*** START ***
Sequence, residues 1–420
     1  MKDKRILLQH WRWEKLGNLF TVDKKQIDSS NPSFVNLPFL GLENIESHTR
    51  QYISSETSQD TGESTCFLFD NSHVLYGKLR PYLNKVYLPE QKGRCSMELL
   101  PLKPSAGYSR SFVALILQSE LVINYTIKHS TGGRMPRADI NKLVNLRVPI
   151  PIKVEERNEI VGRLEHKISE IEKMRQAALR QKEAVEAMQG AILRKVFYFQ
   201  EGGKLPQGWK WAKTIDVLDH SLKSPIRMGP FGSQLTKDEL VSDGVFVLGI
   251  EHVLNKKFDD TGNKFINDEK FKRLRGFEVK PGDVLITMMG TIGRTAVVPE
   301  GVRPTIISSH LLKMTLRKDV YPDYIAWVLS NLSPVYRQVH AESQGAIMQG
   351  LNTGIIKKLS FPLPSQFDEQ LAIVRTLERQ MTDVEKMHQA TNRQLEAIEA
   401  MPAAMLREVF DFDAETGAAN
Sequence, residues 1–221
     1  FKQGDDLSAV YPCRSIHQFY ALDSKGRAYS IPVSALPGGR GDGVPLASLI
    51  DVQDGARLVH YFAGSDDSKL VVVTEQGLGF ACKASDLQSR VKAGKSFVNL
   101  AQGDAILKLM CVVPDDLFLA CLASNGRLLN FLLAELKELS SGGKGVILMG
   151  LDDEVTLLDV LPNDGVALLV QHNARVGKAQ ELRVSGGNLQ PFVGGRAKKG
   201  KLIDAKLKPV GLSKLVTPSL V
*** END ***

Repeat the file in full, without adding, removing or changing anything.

Sequence, residues 1–420
     1  MKDKRILLQH WRWEKLGNLF TVDKKQIDSS NPSFVNLPFL GLENIESHTR
    51  QYISSETSQD TGESTCFLFD NSHVLYGKLR PYLNKVYLPE QKGRCSMELL
   101  PLKPSAGYSR SFVALILQSE LVINYTIKHS TGGRMPRADI NKLVNLRVPI
   151  PIKVEERNEI VGRLEHKISE IEKMRQAALR QKEAVEAMQG AILRKVFYFQ
   201  EGGKLPQGWK WAKTIDVLDH SLKSPIRMGP FGSQLTKDEL VSDGVFVLGI
   251  EHVLNKKFDD TGNKFINDEK FKRLRGFEVK PGDVLITMMG TIGRTAVVPE
   301  GVRPTIISSH LLKMTLRKDV YPDYIAWVLS NLSPVYRQVH AESQGAIMQG
   351  LNTGIIKKLS FPLPSQFDEQ LAIVRTLERQ MTDVEKMHQA TNRQLEAIEA
   401  MPAAMLREVF DFDAETGAAN
Sequence, residues 1–221
     1  FKQGDDLSAV YPCRSIHQFY ALDSKGRAYS IPVSALPGGR GDGVPLASLI
    51  DVQDGARLVH YFAGSDDSKL VVVTEQGLGF ACKASDLQSR VKAGKSFVNL
   101  AQGDAILKLM CVVPDDLFLA CLASNGRLLN FLLAELKELS SGGKGVILMG
   151  LDDEVTLLDV LPNDGVALLV QHNARVGKAQ ELRVSGGNLQ PFVGGRAKKG
   201  KLIDAKLKPV GLSKLVTPSL V